About Choice Technologies

WORLDWIDE, electric utilities lose an estimated $85 billion annually from theft. At the same time, calls for energy and water conservation are growing more...

Evaluating communications technologies for developing economies

Fast growing economies such as India and South Africa have rapidly increasing demands for power. Smart metering technology provides a two-way connection between the utility...

Smart technologies have demonstrated their potential, now demonstrate smart grid vision...

[img:SGA%20logo_0.jpg| ]Surrey Hills, Australia --- (METERING.COM) --- August 19, 2013 - Smart technologies have already demonstrated the potential to benefit customers – so the next step is to bring these elements together to demonstrate the full smart grid vision, says Smart Grid Australia in a newly released policy recommendation proposal for government.

With that in mind Smart Grid Australia proposes a more holistic approach to demonstrate the significant social and economic benefits that can be achieved for customers and the nation as a whole. This will require effective integration of new and emerging technology components through standard interfaces, supported by new and compatible business models and regulatory frameworks.

Compendium of modern grid technologies

To achieve the vision of the modern grid, a wide range of technologies must be developed and implemented.

As part of the U.S. National Energy Technology Laboratory’s Smart Grid Implementation Strategy initiative, a compendium of technologies has been prepared, categorized into five Key Technology Areas (KTAs), as follows:

The Ecologic MDMS is system of choice for Colorado Springs Utilities

[img:handshake%20resize_0.png| ]September 8, 2010 - Ecologic Analytics, a leading provider of meter data management systems (MDMS) for the Smart Grid, announced today Colorado Springs Utilities has selected the Ecologic MDMS to further enhance its local distribution network of more than 535,000 electric, gas and water endpoints for approximately 310,000 residential, commercial and industrial customers.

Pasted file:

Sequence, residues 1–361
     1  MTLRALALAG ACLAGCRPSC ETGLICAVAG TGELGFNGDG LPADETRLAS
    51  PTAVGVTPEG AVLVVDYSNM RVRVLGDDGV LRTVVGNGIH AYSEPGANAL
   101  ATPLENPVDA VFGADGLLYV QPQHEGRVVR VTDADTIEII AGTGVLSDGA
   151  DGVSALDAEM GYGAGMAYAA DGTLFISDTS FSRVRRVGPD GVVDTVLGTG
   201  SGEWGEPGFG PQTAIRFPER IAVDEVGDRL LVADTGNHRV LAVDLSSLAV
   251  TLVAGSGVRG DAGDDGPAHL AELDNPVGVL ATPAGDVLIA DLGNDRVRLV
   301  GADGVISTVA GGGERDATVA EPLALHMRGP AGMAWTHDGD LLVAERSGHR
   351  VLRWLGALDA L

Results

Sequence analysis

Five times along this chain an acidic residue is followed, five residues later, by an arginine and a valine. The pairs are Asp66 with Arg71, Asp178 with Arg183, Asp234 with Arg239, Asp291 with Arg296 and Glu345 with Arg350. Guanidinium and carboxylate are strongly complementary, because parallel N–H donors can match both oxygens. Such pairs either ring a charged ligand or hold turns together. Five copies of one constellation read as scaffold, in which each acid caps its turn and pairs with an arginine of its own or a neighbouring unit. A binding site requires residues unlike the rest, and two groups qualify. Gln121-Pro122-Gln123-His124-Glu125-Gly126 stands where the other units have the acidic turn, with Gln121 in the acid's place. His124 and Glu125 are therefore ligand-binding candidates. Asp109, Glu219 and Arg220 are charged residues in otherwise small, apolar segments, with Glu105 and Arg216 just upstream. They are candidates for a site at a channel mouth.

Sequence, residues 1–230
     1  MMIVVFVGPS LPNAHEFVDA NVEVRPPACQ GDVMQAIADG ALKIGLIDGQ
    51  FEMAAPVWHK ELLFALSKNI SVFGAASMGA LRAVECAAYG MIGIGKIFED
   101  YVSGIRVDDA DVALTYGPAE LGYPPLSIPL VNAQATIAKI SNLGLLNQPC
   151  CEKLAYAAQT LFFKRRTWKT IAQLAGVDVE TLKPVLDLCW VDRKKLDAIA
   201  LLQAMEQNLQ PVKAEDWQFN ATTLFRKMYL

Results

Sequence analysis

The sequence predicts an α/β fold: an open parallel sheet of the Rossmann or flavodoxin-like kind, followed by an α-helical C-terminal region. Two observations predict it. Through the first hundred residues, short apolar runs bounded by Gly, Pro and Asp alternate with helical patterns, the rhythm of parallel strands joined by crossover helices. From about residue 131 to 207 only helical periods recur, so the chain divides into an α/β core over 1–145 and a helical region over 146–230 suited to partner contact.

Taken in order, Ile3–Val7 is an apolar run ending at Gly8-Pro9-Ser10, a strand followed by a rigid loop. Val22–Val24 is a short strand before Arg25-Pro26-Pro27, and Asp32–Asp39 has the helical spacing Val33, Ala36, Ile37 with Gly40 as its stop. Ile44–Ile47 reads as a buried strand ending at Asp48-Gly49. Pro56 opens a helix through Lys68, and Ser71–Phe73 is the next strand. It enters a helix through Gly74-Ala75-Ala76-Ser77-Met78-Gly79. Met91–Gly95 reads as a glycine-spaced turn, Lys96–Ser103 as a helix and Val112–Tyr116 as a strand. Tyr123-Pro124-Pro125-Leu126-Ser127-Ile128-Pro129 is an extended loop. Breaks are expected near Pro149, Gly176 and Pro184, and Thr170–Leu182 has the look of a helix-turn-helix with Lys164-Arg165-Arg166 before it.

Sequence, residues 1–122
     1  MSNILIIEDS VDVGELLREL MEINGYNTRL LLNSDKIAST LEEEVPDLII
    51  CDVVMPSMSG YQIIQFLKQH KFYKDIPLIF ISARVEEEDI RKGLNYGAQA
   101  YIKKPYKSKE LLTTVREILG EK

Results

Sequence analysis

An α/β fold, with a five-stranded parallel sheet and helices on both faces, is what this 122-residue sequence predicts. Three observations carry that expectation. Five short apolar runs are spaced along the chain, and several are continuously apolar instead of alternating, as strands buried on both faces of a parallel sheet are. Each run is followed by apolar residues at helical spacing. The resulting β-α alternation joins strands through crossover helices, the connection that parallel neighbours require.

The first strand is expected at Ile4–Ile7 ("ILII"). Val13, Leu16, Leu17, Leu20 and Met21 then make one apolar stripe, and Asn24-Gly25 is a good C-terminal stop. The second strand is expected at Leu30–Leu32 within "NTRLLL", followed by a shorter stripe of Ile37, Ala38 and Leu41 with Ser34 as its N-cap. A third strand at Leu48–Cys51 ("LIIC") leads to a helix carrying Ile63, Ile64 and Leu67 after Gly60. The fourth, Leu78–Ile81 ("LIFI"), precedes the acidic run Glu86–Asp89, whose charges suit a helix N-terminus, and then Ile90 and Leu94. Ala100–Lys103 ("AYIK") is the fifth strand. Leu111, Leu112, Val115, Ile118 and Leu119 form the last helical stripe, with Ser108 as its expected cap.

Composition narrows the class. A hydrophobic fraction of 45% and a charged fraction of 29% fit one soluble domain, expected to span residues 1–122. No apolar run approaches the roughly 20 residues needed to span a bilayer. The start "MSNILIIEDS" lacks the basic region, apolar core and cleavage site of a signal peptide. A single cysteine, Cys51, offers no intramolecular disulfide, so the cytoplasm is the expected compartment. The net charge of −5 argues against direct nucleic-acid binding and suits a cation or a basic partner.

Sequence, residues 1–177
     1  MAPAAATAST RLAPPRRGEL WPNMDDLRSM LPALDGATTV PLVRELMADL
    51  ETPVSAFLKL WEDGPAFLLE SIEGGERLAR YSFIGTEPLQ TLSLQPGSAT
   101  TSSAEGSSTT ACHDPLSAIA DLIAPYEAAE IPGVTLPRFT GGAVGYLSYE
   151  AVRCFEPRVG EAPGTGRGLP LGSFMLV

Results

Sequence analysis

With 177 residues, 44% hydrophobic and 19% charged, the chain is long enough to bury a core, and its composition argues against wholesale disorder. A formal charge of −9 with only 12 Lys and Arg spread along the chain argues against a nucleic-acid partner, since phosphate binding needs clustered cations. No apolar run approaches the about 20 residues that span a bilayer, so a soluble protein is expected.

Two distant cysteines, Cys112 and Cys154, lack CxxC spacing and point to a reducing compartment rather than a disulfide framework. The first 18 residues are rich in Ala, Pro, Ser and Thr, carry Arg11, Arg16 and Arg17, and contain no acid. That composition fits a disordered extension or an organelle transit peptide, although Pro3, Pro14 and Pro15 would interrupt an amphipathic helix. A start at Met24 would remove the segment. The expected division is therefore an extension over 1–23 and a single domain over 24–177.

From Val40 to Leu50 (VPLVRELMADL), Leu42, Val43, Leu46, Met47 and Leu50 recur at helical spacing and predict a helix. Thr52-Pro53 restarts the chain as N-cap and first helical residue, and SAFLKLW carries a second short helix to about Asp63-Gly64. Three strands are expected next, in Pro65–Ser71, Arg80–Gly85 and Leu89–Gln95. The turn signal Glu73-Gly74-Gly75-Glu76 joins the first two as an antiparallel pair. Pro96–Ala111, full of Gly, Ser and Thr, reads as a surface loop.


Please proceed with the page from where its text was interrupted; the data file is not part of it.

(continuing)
Call for U.K. government to engage with consumers on smart technologies

[img:howardporter_0.jpg|Howard Porter,
CEO, BEAMA
]London, U.K. --- (METERING.COM) --- March 30, 2010 - There is a need for much better dialogue with the general public in the U.K. to promote low carbon energy generation and related infrastructure and furthermore, the government must engage with the public on the benefits of smart metering and a smarter energy network.

These are among the conclusions of the House of Commons Energy and Climate Change

Advanced metering Iskraemeco – connecting to the future choice of futureproof...

There is a lot of discussion about the technical characteristics of proper AMI solutions, functionalities, benefits etc., but utilities still find it hard to decide on a major investment that has to give returns over a longer period of time. Do you as a utility ever question how to find a future-proof solution that is going to provide decent benefits and returns on investment?

An AMI solution consists of diverse connected elements such as the equipment of the measuring points and communication devices, the central collection software, and many other elements that make the whole solution serviceable over a certain period of time. Some of the elements are crucial bottlenecks at making the choice of the investment. Software can be changed or upgraded, communications can change … all these things for quite decent additional investment and convenience, within the period of system operation, provided that the initially chosen technical solution enables these activities.

Consumers increasingly empowered by smart metering and smart grid technologies

Smart metering and smart grid technologies are the key to empowering consumers to control their energy use, become more conscious of energy conservation and reduce theft.  Interest in these “smart” technologies is growing in Latin America with pilots in many of the countries in the region, with Brazil leading the way.  

IP network technology is the smart choice for the smart grid